Fundamentals of Biophysics at the Nanoscale

Period of duration of course
Course info
Number of course hours
Number of hours of lecturers of reference
Number of hours of supplementary teaching

Type of exam

Oral exam


Recommended for PhD students in Nanoscience, suggested for PhD students in Neurosciences, Methods and Models for Molecular Sciences, indicated also for PhD students in Physics.

Prerequisites: basic principles of Optics, of Organic and Inorganic Chemistry, and of Quantum Mechanics.


Measurements in microscopy and spectroscopy [1-4] (40 hours)

Noise in measurements, experimental uncertainties, basics of probability distributions, propagation of uncertainties.
Transmission, reflection and epifluorescence microscopy.
Magnification and resolution; contrast techniques; spherical and chromatic aberrations; hints on optical filters and dichroics.
Confocal microscopy: set-up, point spread function, hints on deconvolution, comparison with TIRF and 2-photon microscopy.
Light-matter interaction: fundamentals (also quantum mechanics) and setups for absorption, fluorescence, Raman, and multiphoton excitation. Jablonski diagrams and properties of fluorescence. Organic dyes: chemical structures and exploitation in fluorescence microscopy.
Hints on fluorescent quantum dots. Fluorescent proteins, GFP family.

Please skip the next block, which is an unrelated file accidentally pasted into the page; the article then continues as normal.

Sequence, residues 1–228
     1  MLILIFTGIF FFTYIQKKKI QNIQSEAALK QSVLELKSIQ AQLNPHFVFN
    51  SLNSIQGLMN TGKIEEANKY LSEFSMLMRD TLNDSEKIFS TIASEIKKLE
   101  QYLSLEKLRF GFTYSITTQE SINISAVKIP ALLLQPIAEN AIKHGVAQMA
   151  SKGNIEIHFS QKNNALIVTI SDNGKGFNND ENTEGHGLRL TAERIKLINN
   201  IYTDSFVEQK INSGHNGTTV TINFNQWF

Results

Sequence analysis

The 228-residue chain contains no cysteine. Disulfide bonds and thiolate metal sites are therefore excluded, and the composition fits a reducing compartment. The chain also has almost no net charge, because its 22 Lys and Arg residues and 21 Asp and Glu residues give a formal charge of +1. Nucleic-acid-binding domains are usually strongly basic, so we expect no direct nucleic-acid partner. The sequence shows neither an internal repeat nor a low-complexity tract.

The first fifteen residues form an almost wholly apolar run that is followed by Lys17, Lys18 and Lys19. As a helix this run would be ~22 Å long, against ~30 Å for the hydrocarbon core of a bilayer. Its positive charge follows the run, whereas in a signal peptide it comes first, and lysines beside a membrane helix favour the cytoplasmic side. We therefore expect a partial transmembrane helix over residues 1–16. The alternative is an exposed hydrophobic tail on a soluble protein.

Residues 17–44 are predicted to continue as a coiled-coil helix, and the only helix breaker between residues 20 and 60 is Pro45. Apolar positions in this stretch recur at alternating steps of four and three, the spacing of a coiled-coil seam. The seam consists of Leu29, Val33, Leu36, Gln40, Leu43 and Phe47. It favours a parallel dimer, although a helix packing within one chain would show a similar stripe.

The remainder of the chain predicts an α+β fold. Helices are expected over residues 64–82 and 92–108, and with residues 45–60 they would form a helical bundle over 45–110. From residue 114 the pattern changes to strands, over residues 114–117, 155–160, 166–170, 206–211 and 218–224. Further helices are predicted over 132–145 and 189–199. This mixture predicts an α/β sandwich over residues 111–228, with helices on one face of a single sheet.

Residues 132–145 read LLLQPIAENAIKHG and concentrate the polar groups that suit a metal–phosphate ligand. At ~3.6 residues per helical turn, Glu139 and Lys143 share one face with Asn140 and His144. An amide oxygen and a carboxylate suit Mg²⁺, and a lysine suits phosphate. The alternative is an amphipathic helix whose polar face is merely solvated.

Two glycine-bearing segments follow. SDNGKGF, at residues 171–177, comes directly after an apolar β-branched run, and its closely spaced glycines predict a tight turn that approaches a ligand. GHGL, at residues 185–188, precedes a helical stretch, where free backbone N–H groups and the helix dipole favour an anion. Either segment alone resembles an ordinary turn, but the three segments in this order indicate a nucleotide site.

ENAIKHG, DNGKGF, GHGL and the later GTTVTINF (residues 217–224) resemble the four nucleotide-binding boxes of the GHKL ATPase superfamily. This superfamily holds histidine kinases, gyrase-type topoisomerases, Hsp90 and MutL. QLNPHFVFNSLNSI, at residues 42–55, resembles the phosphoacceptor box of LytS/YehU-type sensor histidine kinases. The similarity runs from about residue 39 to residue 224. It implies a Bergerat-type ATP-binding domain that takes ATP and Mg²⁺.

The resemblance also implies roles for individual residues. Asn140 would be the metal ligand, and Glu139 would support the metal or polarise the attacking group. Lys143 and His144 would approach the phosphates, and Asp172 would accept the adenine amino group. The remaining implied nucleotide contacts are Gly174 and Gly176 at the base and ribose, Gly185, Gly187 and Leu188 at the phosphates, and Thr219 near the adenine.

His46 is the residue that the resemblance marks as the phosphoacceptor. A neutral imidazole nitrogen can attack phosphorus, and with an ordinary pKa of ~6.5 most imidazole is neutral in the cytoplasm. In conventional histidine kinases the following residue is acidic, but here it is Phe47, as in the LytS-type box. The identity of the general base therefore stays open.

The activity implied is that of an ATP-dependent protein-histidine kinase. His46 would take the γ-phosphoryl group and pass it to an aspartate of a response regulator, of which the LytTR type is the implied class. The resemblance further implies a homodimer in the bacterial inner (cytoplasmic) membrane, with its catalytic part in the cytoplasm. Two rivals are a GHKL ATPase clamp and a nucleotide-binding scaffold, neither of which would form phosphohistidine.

Diffusion and Brownian motion. Techniques in fluorescence microscopy: colocalization, FRAP-like techniques, FRET, FLIM (fundamentals, instruments, phasors), FCS, super-resolution (RESOLFT, STED, F-PALM, SIM), single molecule spectroscopy and tracking.

Introduction to the structure of biological molecules [6]. Fluorescent proteins and their photophysics. [4]

Basis of molecular and cellular biology [5] (14 hours)

Prokaryotes vs eukaryotes. General organization of the eukaryotic cell. Cytoplasm: membrane structure and transport, intracellular compartments, cytoskeleton, cell signalling. The nucleus: chromosomal DNA and its organization, the Nuclear Pore Complex and nucleus-cytoplasmic transport. Cell cycle and cell division. Cell death. Biology laboratory techniques (Methods for cells growth and analysis; purification and analysis of proteins; DNA and RNA: methods for transfection; analysis of genes expression and function; labelling of molecules of interest: strategies and limits)

In-vivo microscopy and electrophysiology (6 hours)

Educational aims

Providing (also theoretical) bases for quantitatively grasping experiments in molecular and cellular Biophysics at the nanoscale; giving a common language in Biophysics to students with different backgrounds.

Bibliographical references

[1] "An Introduction to Error Analysis", J. R. Taylor (Ch. 1-4, 9, 11)
[2] "Microscopy from the very beginning", Dr. H. G. Kapitza, © Carl Zeiss Jena GmbH, 1997, 2nd revised edition, on-line available
[3] "Introduction to Confocal Fluorescence Microscopy", Michiel Müller, edited by SPIE press (WA, USA), second edition (2006)
[4] "Fluorescence Applications in Biotechnology and Life Sciences", edited by Ewa M. Goldys (2009), published by John Wiley & Sons (Hoboken, NJ, USA), Ch. 1-6, 9-11, 16.
[5] "Molecular Biology of the cells", B. Alberts et al. (chosen parts)
[6] "Biophysical Chemistry", Cantor and Schlimmel; Part I